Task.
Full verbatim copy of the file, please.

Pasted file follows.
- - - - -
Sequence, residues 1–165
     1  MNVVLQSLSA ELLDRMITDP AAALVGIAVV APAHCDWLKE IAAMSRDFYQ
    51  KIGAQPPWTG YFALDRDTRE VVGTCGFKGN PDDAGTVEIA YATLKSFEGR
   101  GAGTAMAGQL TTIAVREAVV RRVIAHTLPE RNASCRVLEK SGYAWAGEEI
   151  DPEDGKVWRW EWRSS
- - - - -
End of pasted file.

Sequence, residues 1–165
     1  MNVVLQSLSA ELLDRMITDP AAALVGIAVV APAHCDWLKE IAAMSRDFYQ
    51  KIGAQPPWTG YFALDRDTRE VVGTCGFKGN PDDAGTVEIA YATLKSFEGR
   101  GAGTAMAGQL TTIAVREAVV RRVIAHTLPE RNASCRVLEK SGYAWAGEEI
   151  DPEDGKVWRW EWRSS